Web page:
For example it is commonly assumed that class sizes in Australia are smaller than they have ever been. This is not the case. While older members of our society may recall being in classes of 40 or more students in the 1950s and early 1960s, by 1981 class sizes in Australia were generally capped at 25 in high schools and 22 in technical schools. These caps have increased since their low point in 1981, even in primary schools; while the early years in many jurisdictions are capped below 26, grades 3-6 are treated like secondary classes and capped between 28 and 30.

In Australia commentators and politicians alike point to high performing systems such as Shanghai, Hong Kong, South Korea, Taiwan and Singapore, where large class sizes are the norm, as evidence that reducing class sizes is a futile exercise. But research indicates that students from Confucian heritage cultures are socialised in ways that make them amenable to work in large classes, so that management problems are minimal and teachers can focus on meaningful learning using whole-class methods.

An educational system forms a working whole, each component interacting with all other components. Isolating any one component (such as class size) and transplanting it into a different system shows a deep misunderstanding of how educational systems work.

However let’s look at how our class size compares. In 2010 Australia’s average public primary class size was 23.2 – above the OECD average of 21.3 and EU average of 20. This compares to 15 in Korea; 17 in Germany and the Russian Federation; 19 in Finland; 20 in the UK, Poland and Luxembourg; and 26 in India (OECD 2013).

Class sizes are smaller in both the Independent and Catholic sectors in Australia. As far back as 1979 there has been evidence that smaller class sizes make a difference.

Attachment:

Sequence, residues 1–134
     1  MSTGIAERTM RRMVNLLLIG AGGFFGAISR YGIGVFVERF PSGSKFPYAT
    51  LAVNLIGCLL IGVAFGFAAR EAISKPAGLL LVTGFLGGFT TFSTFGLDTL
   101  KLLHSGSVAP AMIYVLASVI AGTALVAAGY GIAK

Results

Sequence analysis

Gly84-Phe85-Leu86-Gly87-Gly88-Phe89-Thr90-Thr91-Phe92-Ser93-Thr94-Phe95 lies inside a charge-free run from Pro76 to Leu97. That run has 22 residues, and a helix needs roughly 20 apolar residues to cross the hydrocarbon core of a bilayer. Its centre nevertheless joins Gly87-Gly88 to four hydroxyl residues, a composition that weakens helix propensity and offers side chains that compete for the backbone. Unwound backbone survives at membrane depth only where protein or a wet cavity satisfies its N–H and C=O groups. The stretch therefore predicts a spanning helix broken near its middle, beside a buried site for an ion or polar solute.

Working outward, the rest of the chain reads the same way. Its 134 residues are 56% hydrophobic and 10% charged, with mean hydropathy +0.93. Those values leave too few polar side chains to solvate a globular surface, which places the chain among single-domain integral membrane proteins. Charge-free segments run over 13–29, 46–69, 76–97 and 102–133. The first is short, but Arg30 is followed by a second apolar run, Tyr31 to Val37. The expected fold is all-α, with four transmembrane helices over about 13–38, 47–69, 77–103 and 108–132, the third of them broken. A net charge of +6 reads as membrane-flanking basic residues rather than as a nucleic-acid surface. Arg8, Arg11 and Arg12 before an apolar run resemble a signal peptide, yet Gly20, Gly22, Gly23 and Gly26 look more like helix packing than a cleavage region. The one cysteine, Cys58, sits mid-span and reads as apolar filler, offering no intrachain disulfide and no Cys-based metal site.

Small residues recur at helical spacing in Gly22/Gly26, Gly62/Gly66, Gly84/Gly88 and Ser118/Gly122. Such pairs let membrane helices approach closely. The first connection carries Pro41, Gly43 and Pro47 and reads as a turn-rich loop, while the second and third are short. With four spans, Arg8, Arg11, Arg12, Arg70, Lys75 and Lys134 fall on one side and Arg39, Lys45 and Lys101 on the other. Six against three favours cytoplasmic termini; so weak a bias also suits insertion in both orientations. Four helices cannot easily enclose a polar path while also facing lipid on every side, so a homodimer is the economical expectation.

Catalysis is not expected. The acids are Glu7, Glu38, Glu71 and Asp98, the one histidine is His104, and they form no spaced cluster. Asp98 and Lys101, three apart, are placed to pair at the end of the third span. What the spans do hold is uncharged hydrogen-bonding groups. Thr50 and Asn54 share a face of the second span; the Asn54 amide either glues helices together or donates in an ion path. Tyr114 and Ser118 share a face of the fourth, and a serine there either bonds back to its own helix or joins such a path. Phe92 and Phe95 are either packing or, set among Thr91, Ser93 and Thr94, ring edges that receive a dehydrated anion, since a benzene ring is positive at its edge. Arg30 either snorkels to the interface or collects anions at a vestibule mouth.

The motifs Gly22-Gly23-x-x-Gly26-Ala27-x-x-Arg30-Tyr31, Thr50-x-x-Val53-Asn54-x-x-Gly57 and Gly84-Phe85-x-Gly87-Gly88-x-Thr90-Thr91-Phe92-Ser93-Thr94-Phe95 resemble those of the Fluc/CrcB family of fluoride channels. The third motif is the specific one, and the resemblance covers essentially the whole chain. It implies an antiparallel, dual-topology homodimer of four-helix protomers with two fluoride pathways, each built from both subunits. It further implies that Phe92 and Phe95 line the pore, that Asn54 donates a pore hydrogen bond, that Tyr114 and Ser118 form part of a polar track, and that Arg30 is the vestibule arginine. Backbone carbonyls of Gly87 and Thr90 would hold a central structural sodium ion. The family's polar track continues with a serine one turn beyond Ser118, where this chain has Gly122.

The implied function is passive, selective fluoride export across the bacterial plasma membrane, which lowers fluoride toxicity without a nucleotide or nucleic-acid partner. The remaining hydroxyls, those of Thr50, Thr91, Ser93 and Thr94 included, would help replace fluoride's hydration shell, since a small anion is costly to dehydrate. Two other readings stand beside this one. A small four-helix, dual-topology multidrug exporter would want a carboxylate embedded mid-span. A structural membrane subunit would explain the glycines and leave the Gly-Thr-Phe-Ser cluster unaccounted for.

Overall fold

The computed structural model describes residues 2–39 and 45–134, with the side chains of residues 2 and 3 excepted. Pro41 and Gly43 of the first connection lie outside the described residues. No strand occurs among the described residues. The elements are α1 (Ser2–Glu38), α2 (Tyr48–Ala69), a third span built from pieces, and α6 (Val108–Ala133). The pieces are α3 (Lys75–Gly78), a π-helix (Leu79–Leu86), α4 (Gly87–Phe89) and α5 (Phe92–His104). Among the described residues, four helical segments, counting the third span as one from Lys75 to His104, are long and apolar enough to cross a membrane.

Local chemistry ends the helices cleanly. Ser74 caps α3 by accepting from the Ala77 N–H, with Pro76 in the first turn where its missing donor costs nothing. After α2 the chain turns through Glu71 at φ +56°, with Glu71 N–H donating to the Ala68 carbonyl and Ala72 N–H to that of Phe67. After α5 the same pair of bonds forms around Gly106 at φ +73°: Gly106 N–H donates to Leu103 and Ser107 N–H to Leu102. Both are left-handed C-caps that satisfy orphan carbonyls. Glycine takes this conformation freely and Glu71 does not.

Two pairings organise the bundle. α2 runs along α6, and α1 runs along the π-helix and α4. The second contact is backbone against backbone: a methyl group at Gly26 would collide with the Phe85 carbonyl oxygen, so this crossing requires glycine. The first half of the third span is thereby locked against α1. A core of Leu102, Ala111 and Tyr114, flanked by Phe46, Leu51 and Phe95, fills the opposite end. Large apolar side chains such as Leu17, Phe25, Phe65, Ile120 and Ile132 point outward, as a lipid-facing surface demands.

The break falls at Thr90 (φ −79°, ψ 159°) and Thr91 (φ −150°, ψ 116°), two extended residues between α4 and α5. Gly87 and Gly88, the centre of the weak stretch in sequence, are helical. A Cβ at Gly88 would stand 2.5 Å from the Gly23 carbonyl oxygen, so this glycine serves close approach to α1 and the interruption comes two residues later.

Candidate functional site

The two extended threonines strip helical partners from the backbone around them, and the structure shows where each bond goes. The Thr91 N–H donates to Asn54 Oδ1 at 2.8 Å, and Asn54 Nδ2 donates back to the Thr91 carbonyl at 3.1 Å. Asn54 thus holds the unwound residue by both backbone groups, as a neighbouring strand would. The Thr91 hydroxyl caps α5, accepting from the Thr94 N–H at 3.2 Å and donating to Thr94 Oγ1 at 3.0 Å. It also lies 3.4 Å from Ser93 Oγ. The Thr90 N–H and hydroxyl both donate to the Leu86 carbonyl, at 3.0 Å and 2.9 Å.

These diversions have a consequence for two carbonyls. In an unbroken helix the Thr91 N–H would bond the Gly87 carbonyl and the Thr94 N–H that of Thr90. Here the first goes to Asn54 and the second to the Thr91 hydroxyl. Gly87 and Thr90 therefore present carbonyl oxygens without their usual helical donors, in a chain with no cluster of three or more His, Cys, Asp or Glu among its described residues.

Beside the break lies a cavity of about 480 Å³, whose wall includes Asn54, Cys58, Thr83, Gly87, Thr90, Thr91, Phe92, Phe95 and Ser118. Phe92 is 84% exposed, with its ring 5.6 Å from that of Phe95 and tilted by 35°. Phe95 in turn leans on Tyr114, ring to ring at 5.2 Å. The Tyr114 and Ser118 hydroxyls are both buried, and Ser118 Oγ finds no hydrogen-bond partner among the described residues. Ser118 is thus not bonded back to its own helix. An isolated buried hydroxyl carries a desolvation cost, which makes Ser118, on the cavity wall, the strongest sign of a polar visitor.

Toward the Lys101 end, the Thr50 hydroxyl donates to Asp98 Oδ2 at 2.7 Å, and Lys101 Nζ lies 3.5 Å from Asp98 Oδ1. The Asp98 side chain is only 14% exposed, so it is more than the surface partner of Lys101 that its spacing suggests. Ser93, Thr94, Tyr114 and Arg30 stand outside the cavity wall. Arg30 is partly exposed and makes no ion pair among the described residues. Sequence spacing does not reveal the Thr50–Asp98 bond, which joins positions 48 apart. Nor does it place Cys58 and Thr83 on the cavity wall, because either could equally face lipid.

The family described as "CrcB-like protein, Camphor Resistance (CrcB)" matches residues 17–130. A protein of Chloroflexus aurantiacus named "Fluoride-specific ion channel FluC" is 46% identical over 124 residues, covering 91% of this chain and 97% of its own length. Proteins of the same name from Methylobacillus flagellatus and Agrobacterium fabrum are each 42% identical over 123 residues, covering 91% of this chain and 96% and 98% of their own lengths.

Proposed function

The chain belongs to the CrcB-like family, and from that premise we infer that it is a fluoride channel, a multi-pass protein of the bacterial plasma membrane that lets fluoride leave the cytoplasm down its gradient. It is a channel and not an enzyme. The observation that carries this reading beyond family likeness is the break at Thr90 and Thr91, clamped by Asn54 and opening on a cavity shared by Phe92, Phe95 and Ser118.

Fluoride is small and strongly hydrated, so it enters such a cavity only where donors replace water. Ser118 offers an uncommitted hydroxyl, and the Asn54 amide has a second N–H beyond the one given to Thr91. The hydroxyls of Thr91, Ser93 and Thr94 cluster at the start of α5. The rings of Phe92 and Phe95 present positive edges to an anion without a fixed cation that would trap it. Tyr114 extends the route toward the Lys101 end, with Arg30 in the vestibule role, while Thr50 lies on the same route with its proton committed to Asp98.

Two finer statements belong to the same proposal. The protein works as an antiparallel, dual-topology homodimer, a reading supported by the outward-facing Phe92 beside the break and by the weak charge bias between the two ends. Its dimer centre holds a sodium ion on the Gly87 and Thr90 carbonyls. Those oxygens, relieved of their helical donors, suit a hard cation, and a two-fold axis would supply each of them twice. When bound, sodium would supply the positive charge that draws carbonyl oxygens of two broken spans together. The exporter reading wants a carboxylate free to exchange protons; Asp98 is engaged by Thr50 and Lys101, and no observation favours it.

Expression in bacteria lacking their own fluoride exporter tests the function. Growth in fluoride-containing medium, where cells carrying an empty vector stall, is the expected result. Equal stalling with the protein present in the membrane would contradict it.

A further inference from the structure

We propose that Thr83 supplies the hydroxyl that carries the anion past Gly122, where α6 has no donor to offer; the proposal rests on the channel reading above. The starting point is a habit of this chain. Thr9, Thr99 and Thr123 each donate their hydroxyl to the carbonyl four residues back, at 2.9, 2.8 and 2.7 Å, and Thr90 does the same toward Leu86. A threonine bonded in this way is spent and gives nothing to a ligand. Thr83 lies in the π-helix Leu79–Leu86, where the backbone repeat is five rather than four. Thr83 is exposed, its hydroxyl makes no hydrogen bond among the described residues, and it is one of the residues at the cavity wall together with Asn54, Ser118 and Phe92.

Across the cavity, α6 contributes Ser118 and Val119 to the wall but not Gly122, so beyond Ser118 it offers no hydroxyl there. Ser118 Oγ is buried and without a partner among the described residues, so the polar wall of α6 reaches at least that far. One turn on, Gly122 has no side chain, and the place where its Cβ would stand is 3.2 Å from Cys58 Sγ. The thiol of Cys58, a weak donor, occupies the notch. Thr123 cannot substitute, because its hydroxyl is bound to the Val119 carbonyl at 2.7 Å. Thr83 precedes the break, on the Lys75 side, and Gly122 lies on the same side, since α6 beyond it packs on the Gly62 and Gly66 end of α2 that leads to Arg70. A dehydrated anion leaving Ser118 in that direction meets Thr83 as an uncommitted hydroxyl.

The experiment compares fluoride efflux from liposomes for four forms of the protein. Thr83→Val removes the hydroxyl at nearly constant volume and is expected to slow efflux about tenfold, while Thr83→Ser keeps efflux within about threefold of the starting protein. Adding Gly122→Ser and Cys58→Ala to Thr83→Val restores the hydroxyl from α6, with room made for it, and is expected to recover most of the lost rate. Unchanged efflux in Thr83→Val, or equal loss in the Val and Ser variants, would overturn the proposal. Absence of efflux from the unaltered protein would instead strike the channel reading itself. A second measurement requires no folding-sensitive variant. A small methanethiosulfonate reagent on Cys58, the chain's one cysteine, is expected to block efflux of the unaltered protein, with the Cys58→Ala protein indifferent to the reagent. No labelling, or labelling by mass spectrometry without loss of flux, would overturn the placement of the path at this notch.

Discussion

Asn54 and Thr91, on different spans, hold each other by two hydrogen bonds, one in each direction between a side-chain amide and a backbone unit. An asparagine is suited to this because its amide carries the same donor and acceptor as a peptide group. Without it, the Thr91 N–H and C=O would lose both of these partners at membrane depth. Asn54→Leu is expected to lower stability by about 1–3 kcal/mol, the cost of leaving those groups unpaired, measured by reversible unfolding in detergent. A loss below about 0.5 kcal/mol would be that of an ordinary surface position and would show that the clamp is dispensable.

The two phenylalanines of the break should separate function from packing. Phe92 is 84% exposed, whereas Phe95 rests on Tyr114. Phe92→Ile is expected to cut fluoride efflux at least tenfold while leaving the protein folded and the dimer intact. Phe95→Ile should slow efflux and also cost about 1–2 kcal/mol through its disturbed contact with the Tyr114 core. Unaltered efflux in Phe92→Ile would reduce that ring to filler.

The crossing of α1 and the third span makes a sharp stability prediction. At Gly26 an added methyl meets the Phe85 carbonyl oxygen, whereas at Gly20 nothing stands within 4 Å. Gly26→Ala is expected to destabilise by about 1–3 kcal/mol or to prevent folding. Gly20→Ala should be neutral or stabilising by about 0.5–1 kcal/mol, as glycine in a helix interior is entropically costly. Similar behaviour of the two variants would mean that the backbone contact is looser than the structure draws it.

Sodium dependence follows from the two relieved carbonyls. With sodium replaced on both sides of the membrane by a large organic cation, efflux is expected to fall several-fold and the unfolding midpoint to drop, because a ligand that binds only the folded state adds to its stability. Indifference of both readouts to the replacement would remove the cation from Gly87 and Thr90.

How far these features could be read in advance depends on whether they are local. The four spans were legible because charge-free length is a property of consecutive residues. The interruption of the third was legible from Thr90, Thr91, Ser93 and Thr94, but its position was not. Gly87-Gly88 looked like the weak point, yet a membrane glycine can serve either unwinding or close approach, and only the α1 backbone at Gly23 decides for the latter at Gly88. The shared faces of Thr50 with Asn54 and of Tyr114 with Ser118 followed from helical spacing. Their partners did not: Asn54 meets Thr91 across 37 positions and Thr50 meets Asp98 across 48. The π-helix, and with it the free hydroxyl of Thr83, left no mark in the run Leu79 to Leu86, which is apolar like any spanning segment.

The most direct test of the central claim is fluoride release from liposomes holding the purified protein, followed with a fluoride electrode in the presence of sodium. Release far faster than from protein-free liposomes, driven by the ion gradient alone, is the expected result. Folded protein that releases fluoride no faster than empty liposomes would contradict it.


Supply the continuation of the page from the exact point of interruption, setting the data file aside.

Class size can make an even bigger difference when teachers change their teaching methods to suit smaller groups.  Read my paper for more.

You might be interested in this list of things that happen in smaller classes:-

  • Teachers were more able not only to complete their lessons in smaller classes, but to develop their lessons in more depth;
  • Teachers moved through curricula more quickly and were able to provide additional enrichment activities;
  • Teachers reported that they managed their classes better, and classes functioned more smoothly as less time was spent on discipline and more on learning;
  • Students received more individualised attention, including more encouragement, counselling, and monitoring;
  • Students were more attentive to their classwork;
  • Students had to wait less time to receive help or have their papers checked, and they had more opportunities to participate in group lessons.

Go to my paper for more lists of beneficial outcomes of smaller class sizes.

Policy makers, politicians and media too often discuss data about class sizes and impact on student learning without an evidence base, relying largely on second-hand research or anecdotes. Too frequently, advocates for particular positions select their evidence, conveniently ignoring research that raises questions about their favoured position.

Class size reduction is about equity – any policy debate must start with the basic inequality of schooling, and aim to ameliorate the damage that poverty, violence, inadequate child care and other factors do to our children’s learning outcomes.